Some critics say it’s curtains for this prime minister. But his demise has been predicted many times before, as he has faced one political scandal after another — including over boozy parties held at his Downing Street offices in violation of his government’s own pandemic lockdown rules. Johnson became the first sitting prime minister found to have broken the law, and he still faces an investigation that he lied to Parliament about the festivities.
Tuesday’s resignations came in connection with a different controversy: Johnson’s appointment of Conservative lawmaker Chris Pincher to a key government post, despite earlier accusations of misconduct.
Sunak tweeted, “The public rightly expect government to be conducted properly, competently and seriously. I recognise this may be my last ministerial job, but I believe these standards are worth fighting for and that is why I am resigning.”
Javid wrote in his resignation letter that although Johnson survived a vote of no-confidence last month, the ruling Conservative Party was no longer demonstrating competence nor acting in the national interest.
“It is clear to me that this situation will not change under your leadership,” he wrote to Johnson, “and you have therefore lost my confidence too.”
Johnson in February named Pincher the deputy chief whip in the House of Commons, a leadership role that saw him charged with keeping Conservative Party members — the raucous “backbenchers” — behind the prime minister and his government’s legislative agenda.
But Pincher last week resigned from that post after confessing in a letter to Johnson that he had “drank far too much” and “embarrassed myself and other people” at a gathering. The British press reported the incident occurred at the Carlton Club, a private watering hole in London, dominated by Conservative Party members.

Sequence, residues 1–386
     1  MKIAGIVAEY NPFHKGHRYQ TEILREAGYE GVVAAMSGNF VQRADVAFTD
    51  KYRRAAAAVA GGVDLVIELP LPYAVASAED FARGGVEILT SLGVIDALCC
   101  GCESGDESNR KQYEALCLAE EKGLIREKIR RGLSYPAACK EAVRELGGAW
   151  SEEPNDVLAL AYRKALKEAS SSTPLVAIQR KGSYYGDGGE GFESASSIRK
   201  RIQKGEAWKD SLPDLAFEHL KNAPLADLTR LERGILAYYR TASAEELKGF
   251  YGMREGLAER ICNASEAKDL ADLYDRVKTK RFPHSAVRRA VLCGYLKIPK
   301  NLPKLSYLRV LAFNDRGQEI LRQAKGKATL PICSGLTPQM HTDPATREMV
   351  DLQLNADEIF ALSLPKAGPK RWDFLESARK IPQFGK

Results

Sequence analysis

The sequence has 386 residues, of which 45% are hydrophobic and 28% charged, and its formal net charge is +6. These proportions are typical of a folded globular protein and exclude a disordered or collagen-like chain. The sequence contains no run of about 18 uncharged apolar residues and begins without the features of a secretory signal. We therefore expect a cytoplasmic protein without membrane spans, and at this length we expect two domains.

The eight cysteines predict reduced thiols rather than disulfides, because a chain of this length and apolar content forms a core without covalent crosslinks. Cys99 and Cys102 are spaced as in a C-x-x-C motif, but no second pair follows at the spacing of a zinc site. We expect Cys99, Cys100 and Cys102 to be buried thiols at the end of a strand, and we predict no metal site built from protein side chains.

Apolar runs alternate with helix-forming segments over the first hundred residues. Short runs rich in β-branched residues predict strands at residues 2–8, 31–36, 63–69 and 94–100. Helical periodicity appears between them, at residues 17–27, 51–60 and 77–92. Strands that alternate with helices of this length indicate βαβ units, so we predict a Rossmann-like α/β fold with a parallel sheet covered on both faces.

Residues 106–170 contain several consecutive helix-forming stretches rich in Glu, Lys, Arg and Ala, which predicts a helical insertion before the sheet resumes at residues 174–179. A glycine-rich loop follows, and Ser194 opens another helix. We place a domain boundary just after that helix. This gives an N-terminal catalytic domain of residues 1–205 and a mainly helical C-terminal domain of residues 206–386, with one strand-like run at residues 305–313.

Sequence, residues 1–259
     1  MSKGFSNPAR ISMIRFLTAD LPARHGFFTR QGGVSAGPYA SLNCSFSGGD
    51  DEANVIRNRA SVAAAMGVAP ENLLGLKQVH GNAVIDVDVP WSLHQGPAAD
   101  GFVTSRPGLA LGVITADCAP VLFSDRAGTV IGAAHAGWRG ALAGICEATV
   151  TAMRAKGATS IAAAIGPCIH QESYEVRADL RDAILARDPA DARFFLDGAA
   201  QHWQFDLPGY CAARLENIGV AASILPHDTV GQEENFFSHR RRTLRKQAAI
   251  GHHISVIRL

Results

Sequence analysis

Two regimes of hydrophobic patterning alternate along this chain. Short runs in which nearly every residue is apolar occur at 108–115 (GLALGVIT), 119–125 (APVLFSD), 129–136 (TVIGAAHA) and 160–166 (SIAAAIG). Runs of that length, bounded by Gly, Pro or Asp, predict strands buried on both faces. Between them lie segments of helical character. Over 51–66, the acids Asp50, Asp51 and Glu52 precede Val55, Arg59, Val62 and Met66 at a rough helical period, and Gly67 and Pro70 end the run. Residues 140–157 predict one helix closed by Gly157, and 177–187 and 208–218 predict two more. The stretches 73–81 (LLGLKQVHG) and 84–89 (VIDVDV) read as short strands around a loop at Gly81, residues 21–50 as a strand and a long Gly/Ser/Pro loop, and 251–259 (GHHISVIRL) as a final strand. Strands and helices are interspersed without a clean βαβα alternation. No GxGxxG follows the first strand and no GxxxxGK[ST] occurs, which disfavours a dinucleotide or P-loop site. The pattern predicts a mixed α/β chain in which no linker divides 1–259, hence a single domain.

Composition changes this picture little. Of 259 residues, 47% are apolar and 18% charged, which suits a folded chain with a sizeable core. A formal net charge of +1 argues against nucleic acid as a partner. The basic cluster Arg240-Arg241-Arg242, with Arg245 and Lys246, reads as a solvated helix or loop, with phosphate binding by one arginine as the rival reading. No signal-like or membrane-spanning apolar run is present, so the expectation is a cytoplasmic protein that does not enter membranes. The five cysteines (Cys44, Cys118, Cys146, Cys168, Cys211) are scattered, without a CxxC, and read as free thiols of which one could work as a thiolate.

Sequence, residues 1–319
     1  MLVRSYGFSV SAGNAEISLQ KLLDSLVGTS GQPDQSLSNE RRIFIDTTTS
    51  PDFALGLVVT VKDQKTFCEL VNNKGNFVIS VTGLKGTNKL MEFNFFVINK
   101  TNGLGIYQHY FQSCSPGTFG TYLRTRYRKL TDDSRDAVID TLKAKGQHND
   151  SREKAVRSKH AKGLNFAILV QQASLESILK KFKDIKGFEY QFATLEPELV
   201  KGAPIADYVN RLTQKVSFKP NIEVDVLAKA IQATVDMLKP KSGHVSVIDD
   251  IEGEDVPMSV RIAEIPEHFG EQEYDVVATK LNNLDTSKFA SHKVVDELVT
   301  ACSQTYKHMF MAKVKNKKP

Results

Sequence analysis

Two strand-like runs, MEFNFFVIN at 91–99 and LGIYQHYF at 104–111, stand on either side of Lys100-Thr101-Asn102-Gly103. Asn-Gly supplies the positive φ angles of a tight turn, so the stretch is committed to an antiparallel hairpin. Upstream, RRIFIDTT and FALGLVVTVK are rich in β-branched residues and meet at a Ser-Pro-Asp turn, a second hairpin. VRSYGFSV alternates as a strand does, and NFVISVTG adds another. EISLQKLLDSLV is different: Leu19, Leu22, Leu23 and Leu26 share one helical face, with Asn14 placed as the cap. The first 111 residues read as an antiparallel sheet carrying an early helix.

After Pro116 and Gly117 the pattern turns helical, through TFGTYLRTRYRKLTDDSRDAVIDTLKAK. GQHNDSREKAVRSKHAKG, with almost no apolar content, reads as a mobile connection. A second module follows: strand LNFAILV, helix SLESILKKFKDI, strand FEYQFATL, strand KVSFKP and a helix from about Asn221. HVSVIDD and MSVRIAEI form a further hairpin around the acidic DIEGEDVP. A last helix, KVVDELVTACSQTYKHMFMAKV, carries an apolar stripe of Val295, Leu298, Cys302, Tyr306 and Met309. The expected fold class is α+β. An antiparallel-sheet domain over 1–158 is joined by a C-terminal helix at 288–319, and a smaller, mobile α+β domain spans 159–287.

While intoxicated, Pincher allegedly tried to grope several men, the U.K. press widely reported. Witnesses told the BBC the Pincher was “extremely drunk.”
This is not Pincher’s first time in trouble — and that is what has gotten in Johnson in trouble.
At first, Johnson’s official spokesman said the prime minister did not know of earlier incidents of Pincher’s alleged misconduct. But Johnson’s office backtracked after a damning letter from Simon McDonald, the former head of the diplomatic service, accused Downing Street of misleading the public. McDonald said that a 2019 probe into similar allegations against Pincher upheld the complaint and that Pincher had apologized and promised not to do it again. “Mr. Johnson was briefed in person about the initiation and outcome of the investigation,” McDonald said.
In an apology on Tuesday, Johnson said, “There is no place for anyone in this government who abuses power.” He added: “I bitterly regret the decision not to … intervene.”
Asked by the BBC whether he once joked, “Pincher by name, pincher by nature,” the prime minister didn’t deny using the phrase.
Johnson, who has made it clear he’s going nowhere unless shoved, moved swiftly to fill the cabinet vacancies, appointing Education Secretary and YouGov polling founder Nadhim Zahawi as the new chancellor and Downing Street chief of staff Steve Barclay as health secretary. He also tapped Michelle Donelan as the replacement for the education post.
On a day of high drama at Westminster, Solicitor General Alex Chalk also quit, along with at least seven other Conservative lawmakers in more junior roles.
As the night wore on, all eyes were on other cabinet members, to see whether Sunak and Javid would be the only ones to resign — or start a wave. Sunak and Javid are both seen as potential rivals to Johnson.
Johnson sent them personal letters commending Sunak’s “outstanding service” and Javid’s service “with distinction.” He ticked off accomplishments that also reflected well on him.
Among those still very much in Johnson’s corner was Nadine Dorries, the culture secretary, who tweeted: “I’m not sure anyone actually doubted this, however, I am 100 percent behind @BorisJohnson the PM who consistently gets all the big decisions right.”
Others didn’t tweet, but British media outlets signaled the remaining top ministers were staying put for now.